Fragile male egos aside, let’s remember: this is not a criticism of surgeons, it is DATA. Data that shows that TERRIBLE, IRREVERSIBLE HARM IS BEING DONE. There is something about these operations which leads to suicide. People are DEAD, and many more are self harming and suffering from mental illnesses so serious that they’re showing up in our public hospital emergency rooms. I can’t imagine how many countless more are suffering alone. And no-one seems to be particularly alarmed by this.

It’s utterly reprehensible that bariatric surgeons can read this research and then outright ignore the reality. People’s lives are at stake, and in the face of insurmountable data, they’re not even able to have a proper conversation? Whatever happened to first, do no harm?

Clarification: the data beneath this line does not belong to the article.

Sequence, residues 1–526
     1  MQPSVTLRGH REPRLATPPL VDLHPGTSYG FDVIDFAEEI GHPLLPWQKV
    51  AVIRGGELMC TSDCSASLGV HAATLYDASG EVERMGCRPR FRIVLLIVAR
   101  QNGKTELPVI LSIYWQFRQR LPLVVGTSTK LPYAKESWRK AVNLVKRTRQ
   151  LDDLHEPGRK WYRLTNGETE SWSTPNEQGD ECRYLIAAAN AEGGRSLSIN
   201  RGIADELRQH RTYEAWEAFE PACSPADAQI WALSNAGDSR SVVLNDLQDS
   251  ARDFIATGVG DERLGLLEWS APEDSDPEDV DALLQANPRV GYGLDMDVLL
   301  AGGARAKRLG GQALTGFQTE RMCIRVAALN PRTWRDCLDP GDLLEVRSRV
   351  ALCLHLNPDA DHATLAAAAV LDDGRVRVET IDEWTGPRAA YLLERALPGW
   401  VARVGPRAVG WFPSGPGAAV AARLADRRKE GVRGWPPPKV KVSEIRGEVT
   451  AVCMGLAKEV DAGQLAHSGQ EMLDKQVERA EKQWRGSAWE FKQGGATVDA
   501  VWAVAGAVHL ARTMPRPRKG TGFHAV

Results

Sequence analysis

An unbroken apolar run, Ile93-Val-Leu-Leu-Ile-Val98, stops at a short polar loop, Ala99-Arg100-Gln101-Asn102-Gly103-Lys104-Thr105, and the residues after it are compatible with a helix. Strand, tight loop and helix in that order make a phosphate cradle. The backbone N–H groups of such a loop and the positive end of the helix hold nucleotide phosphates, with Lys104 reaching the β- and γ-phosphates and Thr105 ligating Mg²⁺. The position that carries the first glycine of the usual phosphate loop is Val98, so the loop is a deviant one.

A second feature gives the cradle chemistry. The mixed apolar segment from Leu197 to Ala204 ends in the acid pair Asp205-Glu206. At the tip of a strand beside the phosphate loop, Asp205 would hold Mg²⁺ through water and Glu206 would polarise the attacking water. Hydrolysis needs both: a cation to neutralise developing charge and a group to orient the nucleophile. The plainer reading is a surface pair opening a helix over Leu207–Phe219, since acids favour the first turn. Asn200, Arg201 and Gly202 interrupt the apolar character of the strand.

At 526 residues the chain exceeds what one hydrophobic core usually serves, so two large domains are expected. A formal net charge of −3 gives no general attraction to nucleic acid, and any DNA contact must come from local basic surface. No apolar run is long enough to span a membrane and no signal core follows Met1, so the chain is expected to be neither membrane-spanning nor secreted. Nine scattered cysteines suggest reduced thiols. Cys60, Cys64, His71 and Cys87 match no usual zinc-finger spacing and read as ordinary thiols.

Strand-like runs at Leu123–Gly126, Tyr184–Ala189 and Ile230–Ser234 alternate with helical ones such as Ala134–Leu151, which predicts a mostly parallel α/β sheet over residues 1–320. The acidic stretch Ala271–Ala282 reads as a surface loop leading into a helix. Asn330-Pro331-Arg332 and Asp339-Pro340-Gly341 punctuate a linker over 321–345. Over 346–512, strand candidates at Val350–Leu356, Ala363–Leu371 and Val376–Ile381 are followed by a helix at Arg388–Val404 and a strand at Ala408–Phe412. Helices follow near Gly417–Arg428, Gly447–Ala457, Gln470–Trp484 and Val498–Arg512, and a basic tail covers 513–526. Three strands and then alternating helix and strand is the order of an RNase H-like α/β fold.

It is ludicrous that we’re at a place in which dangerous, life-threatening surgeries are doubling in numbers and being touted as some kind of weight loss panacea, and no-one seems to care about the human cost.


If you are struggling with issues relating to food, your body, exercise, or with an eating disorder, I can help! I’m available for online appointments – just a click away! If you’re a health professional I also love to do online supervision, and the books are currently open, so send me an email at and let’s get started!